Completed in July 2020. Updated January 2021
OKI’s Congestion Management Process
Congestion management is the application of strategies to improve transportation system performance and reliability by reducing the adverse impacts of congestion on the movement of people and goods. OKI’s CMP identifies appropriate performance measures to assess the extent of congestion. It establishes a coordinated program for data collection and system performance monitoring to define the extent and duration of congestion. The CMP also identifies and evaluates appropriate congestion management strategies for the improved safety of the existing and future transportation system.
This report documents the methodology and findings of evaluating travel-time information for the OKI region’s congestion management network, as well as forecasted congestion levels for 2050. Congestion mitigation strategies for selected congested locations are evaluated.
Why is the CMP Important to the Region
The OKI region’s quality of life and economic competitiveness are closely related to the degree to which the transportation system is able to provide an acceptable level of mobility. The importance of congestion is reflected in federal transportation rules requiring a Congestion Management Process (CMP) in metropolitan areas. The CMP provides for safe and effective integrated management and operation of the multimodal transportation system and results in performance measures and strategies that can be reflected in the metropolitan transportation plan and TIP.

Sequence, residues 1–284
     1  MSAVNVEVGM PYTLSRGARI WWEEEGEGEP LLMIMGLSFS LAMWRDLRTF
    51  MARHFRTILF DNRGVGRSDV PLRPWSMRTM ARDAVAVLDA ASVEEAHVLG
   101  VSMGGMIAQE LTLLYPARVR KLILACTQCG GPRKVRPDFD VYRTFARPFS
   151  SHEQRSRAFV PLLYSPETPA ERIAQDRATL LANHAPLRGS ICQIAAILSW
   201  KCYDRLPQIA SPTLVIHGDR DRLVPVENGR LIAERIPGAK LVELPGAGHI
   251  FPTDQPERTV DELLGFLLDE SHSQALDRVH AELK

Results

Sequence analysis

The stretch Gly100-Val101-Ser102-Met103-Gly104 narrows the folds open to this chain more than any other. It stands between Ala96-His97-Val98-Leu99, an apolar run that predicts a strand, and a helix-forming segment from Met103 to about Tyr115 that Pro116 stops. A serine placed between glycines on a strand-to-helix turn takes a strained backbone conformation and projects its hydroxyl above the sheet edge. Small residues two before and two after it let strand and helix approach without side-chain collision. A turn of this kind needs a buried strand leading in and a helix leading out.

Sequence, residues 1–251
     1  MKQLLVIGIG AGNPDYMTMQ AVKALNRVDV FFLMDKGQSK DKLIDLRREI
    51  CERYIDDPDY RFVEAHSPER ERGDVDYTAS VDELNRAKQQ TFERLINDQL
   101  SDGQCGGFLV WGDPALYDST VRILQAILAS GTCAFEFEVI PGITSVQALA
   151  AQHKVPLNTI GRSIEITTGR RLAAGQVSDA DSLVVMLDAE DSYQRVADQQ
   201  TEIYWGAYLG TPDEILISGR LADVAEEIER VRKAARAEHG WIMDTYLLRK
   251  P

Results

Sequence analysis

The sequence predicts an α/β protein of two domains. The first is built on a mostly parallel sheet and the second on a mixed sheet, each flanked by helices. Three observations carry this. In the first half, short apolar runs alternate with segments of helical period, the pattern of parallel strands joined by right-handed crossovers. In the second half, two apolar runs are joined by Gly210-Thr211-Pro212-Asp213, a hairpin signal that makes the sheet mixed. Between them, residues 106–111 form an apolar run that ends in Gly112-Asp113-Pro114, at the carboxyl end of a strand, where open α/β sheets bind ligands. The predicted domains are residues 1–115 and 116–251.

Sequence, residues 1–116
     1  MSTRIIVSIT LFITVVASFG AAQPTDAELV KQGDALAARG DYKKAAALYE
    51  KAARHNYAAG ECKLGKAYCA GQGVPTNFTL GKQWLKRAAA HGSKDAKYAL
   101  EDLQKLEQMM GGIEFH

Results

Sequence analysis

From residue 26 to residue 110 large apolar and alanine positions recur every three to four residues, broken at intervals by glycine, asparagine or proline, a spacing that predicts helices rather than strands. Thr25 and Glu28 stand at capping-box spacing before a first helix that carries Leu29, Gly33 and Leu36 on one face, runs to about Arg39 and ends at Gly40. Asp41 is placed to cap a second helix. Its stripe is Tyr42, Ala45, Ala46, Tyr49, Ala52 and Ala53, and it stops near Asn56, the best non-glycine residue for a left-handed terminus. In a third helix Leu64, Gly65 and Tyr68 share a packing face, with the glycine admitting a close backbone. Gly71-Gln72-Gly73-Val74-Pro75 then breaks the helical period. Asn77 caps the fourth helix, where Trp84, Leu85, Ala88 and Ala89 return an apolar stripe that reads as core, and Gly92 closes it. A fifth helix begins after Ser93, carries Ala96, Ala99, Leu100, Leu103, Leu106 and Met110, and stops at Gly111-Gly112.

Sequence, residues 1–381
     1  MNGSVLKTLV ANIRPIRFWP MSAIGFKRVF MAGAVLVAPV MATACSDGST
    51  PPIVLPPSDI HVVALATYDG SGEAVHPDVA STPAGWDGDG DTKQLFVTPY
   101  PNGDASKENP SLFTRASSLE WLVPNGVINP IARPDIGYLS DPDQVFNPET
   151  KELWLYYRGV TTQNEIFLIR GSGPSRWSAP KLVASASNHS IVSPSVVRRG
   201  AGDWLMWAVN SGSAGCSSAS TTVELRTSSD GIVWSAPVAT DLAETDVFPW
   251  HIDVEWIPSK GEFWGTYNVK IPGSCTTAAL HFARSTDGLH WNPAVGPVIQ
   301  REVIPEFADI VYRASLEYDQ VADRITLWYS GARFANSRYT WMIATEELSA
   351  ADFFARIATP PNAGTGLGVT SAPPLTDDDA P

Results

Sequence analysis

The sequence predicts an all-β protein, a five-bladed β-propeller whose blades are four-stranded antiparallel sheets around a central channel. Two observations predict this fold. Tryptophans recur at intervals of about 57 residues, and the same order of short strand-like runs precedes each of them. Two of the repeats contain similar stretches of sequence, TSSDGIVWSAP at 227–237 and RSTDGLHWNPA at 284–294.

Rules Guiding the Plan
Titles III and VI of SAFETEA-LU, Sections 3005 and 6001, updated the requirement for addressing congestion in transportation management areas (TMAs), mandating the incorporation of a CMP within the metropolitan planning process.
In TMAs, SAFETEA-LU requires that the MPO “shall address congestion management through a process that provides for effective management and operation, based on a cooperatively developed and implemented metropolitan-wide strategy, of new and existing transportation facilities … through the use of travel demand reduction and operational management strategies.”
The Final Rule on Statewide and Metropolitan Transportation Planning, published on February 14, 2007, states: “The development of a congestion management process should result in multimodal system performance measures and strategies that can be reflected in the metropolitan transportation plan and the Transportation Improvement Program (TIP).”
*Source: An Interim Guidebook on the Congestion Management Process in Metropolitan Transportation Planning, FHWA and FTA